It's a rough world out there in the patent law arena. The idea of selling your patent was OK back 25 years. More companies had actual ethics back then. These days, it is "How do we do this the cheapest way?", and that is usually to run over anyone who is small enough to simply overwhelm with costs.

    Your ONLY advantage is that you can sell to one of their competitors, and then the infringer could be in the soup. And that if the idea goes into the public domain, then all their competitors can use it also.

    That may or may not work, depending on the patent. The time taken for the patent to go public domain is probably enough for the infringers to become established, and competitors would be behind far enough that they are no issue. And the patent may or may not be good enough to interest a competitor, depending on how integral it is to whatever product is involved.

    The other strategy is to simply "invent in order to sell to the trolls". Figure on selling for maybe 2-3x the patent cost to a troll firm assuming someone does infringe.
    Last edited by J Tiers; 05-08-2021, 01:56 PM.

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  • wmgeorge
    replied
    Originally posted by elf View Post

    I think you need a patent lawyer Publishing on an Internet forum may or may not be enough to block someone else from patenting it Tell that to Thingiverse They patented many items people posted there.
    Proof on Thingverse that is speculation!!

    I have been through the process have you? Both J.Tiers and I have done it and we speak from experience. The other book I recommend is "Will it Sell" a book that leads you through the process of some simple market research. I would take Georges advice, Incorporate and form a limited liability corp, that I know nothing about, but Incorporating is not a big deal.

    https://www.amazon.com/Determine-Inv...0476551&sr=8-2
    Last edited by wmgeorge; 05-08-2021, 09:39 AM.

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  • Mcgyver
    replied
    Originally posted by Dan Dubeau View Post
    I'm not really sure what the repercussions would be. Getting sued for millions is highly unlikely, but even sued for thousands is more that I'd want to deal with. I doubt it would even come to that, maybe just a cease and desist?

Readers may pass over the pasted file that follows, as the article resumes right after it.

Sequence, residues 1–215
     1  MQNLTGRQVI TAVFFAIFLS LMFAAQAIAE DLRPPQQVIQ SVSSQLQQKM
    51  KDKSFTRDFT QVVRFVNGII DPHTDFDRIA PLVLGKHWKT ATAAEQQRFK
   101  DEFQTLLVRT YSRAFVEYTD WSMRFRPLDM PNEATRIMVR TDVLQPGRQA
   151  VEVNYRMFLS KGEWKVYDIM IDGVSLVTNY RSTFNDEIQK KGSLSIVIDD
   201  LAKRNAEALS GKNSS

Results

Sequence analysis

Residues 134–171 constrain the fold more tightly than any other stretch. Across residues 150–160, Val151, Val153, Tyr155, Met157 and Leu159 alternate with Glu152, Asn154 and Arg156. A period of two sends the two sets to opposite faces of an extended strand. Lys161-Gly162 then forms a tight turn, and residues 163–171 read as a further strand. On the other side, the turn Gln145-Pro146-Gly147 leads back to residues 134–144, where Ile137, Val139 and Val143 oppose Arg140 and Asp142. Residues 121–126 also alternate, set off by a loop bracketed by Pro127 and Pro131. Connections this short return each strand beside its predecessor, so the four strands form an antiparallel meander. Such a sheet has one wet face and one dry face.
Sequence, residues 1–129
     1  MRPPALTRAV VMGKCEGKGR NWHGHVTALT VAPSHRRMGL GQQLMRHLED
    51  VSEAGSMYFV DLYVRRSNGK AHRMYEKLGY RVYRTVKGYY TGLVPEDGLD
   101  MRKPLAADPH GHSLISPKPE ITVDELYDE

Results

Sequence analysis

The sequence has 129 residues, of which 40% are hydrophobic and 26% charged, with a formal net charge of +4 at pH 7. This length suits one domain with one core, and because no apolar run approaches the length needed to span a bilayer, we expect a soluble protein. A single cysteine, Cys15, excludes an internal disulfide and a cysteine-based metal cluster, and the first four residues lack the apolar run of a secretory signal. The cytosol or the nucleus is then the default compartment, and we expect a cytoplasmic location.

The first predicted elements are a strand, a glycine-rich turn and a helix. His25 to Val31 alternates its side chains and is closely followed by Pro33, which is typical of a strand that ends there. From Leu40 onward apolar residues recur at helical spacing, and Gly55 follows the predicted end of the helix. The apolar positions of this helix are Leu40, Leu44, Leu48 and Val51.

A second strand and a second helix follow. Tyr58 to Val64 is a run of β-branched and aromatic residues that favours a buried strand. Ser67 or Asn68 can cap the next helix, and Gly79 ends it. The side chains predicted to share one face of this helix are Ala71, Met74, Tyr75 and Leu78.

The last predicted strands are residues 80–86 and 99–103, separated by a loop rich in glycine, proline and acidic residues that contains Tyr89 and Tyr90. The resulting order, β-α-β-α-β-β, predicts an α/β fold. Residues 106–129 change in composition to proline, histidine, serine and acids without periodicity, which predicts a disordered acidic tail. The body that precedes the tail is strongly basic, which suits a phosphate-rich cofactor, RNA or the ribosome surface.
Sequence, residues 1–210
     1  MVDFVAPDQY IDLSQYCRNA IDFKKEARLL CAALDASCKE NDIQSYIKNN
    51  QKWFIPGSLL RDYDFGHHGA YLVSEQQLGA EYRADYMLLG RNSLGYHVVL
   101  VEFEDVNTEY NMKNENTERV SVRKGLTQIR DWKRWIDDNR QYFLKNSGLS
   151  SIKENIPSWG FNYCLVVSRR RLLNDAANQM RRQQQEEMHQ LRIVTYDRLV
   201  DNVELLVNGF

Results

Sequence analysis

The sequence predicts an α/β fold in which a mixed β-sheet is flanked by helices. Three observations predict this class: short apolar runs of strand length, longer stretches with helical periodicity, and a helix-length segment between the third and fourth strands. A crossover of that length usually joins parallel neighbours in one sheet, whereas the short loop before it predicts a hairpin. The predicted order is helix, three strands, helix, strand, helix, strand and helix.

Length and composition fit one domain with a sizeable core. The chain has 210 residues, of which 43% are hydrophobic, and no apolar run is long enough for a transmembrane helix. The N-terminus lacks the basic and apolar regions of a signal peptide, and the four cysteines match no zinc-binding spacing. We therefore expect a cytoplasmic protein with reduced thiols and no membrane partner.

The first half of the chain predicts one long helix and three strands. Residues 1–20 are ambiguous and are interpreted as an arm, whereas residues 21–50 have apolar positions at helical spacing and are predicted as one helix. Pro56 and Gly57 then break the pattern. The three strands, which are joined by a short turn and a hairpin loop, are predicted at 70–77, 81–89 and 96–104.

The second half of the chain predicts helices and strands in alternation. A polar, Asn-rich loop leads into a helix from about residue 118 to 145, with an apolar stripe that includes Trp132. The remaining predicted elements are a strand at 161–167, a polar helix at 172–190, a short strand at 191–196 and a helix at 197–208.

That is the usual course of events. Talk to a lawyer of course, but if you've infringed your liability is generally the financial loss (damages) the holder has incurred...if its millions it means you've sold a lot of putters. However if sued you will have to defend which is expensive and many unsavory firms use the courts system to bully rather than for justice. You can incorporate for 300 or 400 with a credit card (but it carries an admin burden). Assign the patent to the corp (its only asset) and make away until sued then fold. Again, seek competent advice before acting.

    Many will tell you getting a patent is not worth it based on the logic you won't be able to defend to it. They don't know what they are taking about, at least if the idea is worth it, as the value of a patent isn't to let you become Global Putter Inc, its to lead to a licensing or sale deal if you get enough market share to get noticed by a big player. Without a patent they'll just copy it. With a patent, its adds huge value to them as they are large enough to defend it giving them a monopoly for years left on the patent.

    A cost almost nothing approach is a provisional patent. File it and get to market and see if its going anywhere.

    If you do proceed, you need a patent lawyer or agent (somewhat cheaper) and if sued a patent litigator. They are specialized fields.

    The small inventor took a huge blow with the passing of Leahy Smith in 2012. It kind of converted a patent from a property right to a license through greatly enhanced post granting review. Its really expensive to defend in a review (500,000 one figure I heard) so mean nasty corps abuse the patent system, and invoke a post grant review just to get you on the ropes. Thanks Government, and way to insure big corps (big data lobbied for this and greatly benefits) steam rollers the little guy
    Last edited by Mcgyver; 05-08-2021, 07:27 AM.

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  • dian
    replied
    so do you need permission from kobe if you use scifer?

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  • danlb
    replied
    When it comes to doing searches, the key is often that you have to figure out how others described their inventions. Yours, for instance, may be "a process to apply subtractive machining to the production of mallets used in lawn based sports."

    I've had success by looking for similar patents and then looking at the patents that THEY mention. If a putter is often referred to as a "short range golf club", then search for that term. Apply that technique to any term that you see coming up on patents about putters.